What mental health issues are common among your organization? Is substance abuse prominent? How are these issues impacting your workplace? What barriers are you facing? Where do you start? The world of workplace mental health and substance use disorder offerings is littered with uncertainty and questions—but why?

These sentiments have been echoed in recent International Foundation mental health survey reports. Large proportions of ‘not sure’ responses have a been common in this survey since 2016. However, in the 2021 iteration of this study, there were significant increases in several key areas. What would lead to a rise in uncertainty of these measures? I took a closer look at the data and tried to identify some trends and solutions behind this uncertainty.

Prevalence of Mental Health/Substance Use Disorder Benefits

Benefits practitioners in the U.S. are having a more difficult time determining which mental health/substance use disorders are common within their organizations.

  • Alcohol addiction – There was an increase in the proportions of respondents ‘not sure’ about the prevalence of alcohol addiction in their organizations between 2018 (31%) and 2021 (40%), with noted increases across all employment sectors.
  • Anxiety disorders – This trend continued with anxiety disorders, in which the number of organizations that were unsure of its prevalence increasing between 2018 (29%) and 2021 (34%). A case could be made that this is a condition where a remote work environment would make detection more difficult for conditions such as panic disorders and phobias.
  • Bipolar Disorder – There was a slight increase in the number of organizations unsure of the prevalence of bipolar disorder over this three-year period (50% in 2018 to 57% in 2021).
  • Depression – There was a substantial increase in the number of ‘unsure’ organizations regarding the prevalence of depression between 2018 (24%) and 2021 (33%).

There were also substantial increases in the number of responding organizations ‘unsure’ of the levels of substance use disorder within their workforces.

  • Prescription Drug Addiction/Substance Use Disorder – The proportion of ‘not sure’ responses increased for prescription drug addiction between2018 (42%) and 2021 (54%).
  • Nonprescription Drug Addiction/Substance Abuse – This theme was echoed with the increase in uncertainty around nonprescription drug abuse. The proportion of ‘not sure’ responses grew from 42% in 2018 to 49% in 2021. These ‘hidden’ issues may becoming more secretive in the face of the remote environment brought on by the COVID-19 pandemic.

Impact of Mental Health/Substance Use Disorder on Performance Measures

There is also substantial (and growing) uncertainty around the impact that these issues have on a number of workforce performance measures.

  • Overall job performance – Increasing percentages of responding organizations are unsure of the impact that mental health and substance use disorder issues have on overall job performance. This figure has grown from 22% in 2018 to 30% in 2021.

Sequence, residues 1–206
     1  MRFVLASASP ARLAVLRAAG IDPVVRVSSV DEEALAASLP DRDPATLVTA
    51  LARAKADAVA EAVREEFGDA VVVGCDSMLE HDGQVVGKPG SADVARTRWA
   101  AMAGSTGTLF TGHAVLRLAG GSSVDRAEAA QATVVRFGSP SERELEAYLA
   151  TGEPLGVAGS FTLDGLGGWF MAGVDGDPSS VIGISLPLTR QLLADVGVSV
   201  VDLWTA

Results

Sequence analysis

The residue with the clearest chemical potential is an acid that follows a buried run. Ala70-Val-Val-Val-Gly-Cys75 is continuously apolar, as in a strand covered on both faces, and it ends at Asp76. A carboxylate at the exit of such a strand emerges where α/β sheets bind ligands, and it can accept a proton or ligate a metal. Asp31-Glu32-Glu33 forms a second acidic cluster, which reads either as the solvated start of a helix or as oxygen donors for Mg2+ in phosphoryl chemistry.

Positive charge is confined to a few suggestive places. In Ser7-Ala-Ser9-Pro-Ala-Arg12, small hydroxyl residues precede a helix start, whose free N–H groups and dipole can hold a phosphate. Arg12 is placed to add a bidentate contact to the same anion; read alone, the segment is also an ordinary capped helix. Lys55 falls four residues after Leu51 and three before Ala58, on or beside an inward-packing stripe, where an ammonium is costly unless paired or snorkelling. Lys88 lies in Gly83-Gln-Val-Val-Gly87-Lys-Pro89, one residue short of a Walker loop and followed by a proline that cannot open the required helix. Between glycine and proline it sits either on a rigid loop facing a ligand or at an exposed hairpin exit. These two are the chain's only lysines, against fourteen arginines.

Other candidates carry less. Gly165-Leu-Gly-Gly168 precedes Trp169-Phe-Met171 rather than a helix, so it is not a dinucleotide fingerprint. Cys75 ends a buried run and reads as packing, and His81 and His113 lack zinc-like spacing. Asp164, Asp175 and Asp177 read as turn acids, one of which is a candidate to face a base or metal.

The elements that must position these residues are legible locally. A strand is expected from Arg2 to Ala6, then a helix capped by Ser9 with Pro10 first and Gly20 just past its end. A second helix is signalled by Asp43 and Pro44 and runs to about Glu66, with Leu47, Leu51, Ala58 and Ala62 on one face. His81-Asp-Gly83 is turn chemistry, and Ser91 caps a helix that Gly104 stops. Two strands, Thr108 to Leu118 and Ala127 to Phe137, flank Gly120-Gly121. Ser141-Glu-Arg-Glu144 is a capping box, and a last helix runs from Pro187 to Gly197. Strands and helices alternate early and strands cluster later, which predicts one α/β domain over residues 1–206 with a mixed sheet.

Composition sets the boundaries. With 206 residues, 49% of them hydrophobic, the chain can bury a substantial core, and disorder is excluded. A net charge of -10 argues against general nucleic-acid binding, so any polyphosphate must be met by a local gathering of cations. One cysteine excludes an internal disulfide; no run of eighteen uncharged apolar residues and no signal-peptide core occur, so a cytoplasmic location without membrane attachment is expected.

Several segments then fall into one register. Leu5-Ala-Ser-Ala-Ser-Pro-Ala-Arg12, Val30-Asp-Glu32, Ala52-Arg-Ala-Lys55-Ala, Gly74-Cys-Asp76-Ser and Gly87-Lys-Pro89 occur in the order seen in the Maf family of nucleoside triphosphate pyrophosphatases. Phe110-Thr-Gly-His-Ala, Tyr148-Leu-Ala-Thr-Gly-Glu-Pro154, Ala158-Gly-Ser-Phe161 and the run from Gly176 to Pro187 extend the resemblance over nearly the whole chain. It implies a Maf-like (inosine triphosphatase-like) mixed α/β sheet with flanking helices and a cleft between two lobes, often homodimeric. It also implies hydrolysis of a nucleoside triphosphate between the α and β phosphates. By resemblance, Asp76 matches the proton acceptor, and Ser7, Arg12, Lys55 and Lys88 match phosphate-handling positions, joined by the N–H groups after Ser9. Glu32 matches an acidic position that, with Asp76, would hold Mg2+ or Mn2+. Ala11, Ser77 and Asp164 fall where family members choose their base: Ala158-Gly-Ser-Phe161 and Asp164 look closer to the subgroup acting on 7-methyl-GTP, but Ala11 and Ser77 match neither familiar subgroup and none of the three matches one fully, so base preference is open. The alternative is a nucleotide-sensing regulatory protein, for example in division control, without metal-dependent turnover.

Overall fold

• Absenteeism/tardiness – Almost one in three respondents (32%) are unsure of the impact that these issues have on absenteeism/tardiness in their workforce, up from 23% in 2018.
  • Morale There was a notable increase in the number of ‘unsure’ respondents regarding the impact of mental health/substance use disorder issues on worker morale. This figure increased from 24% in 2018 to 30% in 2021. Recent Foundation data has noted that the COVID-19 pandemic has had a substantial impact on this metric.
  • Presenteeism – Presenteeism refers to the presence of an employee at work if he or she is too sick or too engaged in work/life issues to be productive. The proportion of ‘unsure’ responses to this metric increased from 24% to 31% between 2018 and 2021. This measure would be particularly difficult to track in a remote work environment.
  • Worker safety/accidents – There was also a notable increase in the number of respondents unsure about the impact of mental health and substance use disorder issues on workforce safety/accidents. This measure increased from 28% to 35% over this three-year period.


What factors would lead to an increasing level of uncertainty around workplace mental health and substance use disorder issues? Perhaps, it’s the remote work environments that have been common since March 2020. A recent Foundation report found that approximately 12% of employees worked remotely pre-pandemic, with that figure hitting 55% during the spring of 2021.

It would be increasingly difficult to analyze the prevalence of anxiety disorders, depression and alcohol addiction among workforces in a remote work environment. It would be even more difficult to measure how these issues impact measures such as morale and job performance.

Another culprit could be the recent spike in workforce turnover. A recent report suggested that 52% of workers may be looking for new jobs in 2021. With rapidly changing workforces, it will be increasingly difficult to capture the prevalence, and impact of these conditions.

I anticipate that this uncertainty will continue to be a significant barrier to workforce mental health initiatives in the future. By tuning into mental health crisis warning signs, communicating resources and benefits in place and continuing to destigmatize mental health and substance use disorders, organizations can support employees facing these issues with the hopes of preventing an even greater crisis from occurring.

Justin Held, CEBS
Senior Research Analyst at the International Foundation 

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Justin Held, CEBS

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